Time and time again there are cries that real rock and roll is dead. For those who are worried about the state of the genre, look no further than Thelma and the Sleaze. Thelma and the Sleaze are the epitome of rock and roll; a mainline of adrenaline coming from an unconventional source. Thelma and the Sleaze will be performing at the Continental Club September 25 and promoting their latest release, Fuck, Marry, Kill.
Thelma and the Sleaze is based in Nashville and their leader, LG started the band after her previous group, the Trampskirts disbanded. LG has made it her mission to create authentic, all female, queer, southern rock. She has succeeded in creating a sound and aesthetic that will chew you up and spit you out and most importantly, feels real.
“Most of my toughness is a result of survival,” says LG. “My whole thing is authenticity. I play a form of music that’s been around for 60 years, I’m not going to do anything that crazy and new, but what I’m going to do is make my best version of whatever I'm trying to get close to.”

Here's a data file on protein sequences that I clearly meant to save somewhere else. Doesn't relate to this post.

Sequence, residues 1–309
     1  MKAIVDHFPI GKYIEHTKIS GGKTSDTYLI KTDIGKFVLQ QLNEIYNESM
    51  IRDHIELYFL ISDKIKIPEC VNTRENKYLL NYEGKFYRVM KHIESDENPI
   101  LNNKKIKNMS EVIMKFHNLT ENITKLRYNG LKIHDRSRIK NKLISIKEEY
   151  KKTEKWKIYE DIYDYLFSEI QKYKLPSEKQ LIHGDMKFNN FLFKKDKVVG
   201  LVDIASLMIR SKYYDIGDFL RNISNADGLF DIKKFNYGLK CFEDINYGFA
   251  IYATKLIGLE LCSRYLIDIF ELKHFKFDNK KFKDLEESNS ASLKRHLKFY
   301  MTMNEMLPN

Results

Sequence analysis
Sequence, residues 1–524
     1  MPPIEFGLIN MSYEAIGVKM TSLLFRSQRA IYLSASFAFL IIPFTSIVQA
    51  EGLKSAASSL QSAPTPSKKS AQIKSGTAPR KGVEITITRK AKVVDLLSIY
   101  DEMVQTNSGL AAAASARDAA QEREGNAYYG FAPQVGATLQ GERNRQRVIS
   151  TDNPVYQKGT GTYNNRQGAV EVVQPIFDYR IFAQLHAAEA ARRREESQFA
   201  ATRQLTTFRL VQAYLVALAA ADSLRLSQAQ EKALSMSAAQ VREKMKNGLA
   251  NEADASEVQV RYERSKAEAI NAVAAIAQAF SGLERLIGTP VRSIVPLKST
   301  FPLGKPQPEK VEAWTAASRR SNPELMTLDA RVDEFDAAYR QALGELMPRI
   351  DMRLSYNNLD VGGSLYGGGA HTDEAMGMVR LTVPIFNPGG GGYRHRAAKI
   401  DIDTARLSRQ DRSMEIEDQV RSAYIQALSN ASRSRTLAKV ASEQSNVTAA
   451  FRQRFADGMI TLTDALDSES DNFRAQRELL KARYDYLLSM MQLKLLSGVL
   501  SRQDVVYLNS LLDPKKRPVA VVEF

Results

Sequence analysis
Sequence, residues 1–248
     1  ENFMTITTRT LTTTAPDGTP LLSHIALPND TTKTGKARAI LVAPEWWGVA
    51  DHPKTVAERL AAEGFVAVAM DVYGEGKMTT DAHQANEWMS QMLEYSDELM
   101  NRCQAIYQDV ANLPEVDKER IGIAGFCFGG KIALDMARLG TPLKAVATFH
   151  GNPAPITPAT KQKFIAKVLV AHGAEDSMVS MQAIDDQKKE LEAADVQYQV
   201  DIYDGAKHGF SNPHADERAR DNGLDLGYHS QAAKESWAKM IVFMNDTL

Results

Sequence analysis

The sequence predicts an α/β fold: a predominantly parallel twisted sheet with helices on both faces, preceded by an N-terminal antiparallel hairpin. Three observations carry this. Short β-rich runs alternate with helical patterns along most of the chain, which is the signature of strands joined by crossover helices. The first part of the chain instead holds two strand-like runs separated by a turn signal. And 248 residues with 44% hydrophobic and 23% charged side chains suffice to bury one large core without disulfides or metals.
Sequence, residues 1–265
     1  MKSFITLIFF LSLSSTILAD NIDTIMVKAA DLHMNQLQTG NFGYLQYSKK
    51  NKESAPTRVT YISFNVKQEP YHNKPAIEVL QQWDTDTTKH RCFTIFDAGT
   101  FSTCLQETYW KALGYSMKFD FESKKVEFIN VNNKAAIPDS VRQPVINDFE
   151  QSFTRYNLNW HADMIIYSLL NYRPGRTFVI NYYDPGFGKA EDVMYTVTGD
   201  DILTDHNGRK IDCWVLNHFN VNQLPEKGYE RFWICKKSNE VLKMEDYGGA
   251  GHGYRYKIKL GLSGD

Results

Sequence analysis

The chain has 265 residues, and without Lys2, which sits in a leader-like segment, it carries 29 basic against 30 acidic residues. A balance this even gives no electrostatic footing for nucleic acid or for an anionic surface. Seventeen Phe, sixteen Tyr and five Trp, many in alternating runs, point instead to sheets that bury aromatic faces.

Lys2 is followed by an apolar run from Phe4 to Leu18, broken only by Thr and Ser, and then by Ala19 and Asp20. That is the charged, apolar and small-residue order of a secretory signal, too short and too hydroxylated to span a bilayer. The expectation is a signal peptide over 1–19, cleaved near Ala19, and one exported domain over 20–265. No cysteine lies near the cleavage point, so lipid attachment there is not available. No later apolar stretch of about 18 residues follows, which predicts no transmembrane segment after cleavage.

The band is obviously influenced by southern rock in their deep guitar riffs and heavy drums but they also manage to sprinkle in some ‘80s metal and even smoother artists like Prince. “I like to think of Lemmy from Motorhead, he thought his songs sounded like the Beatles. I think my songs sound like the Ronettes and they don’t.”
LG and her many band mates, past and present, have worked hard to create their signature sound. “I think of my music in such a way that even if I was playing a ZZ Top song, it wouldn’t sound that much like ZZ Top, it would sound like Thelma and the Sleaze playing a ZZ Top song and that’s something I’m more proud of than the song itself.”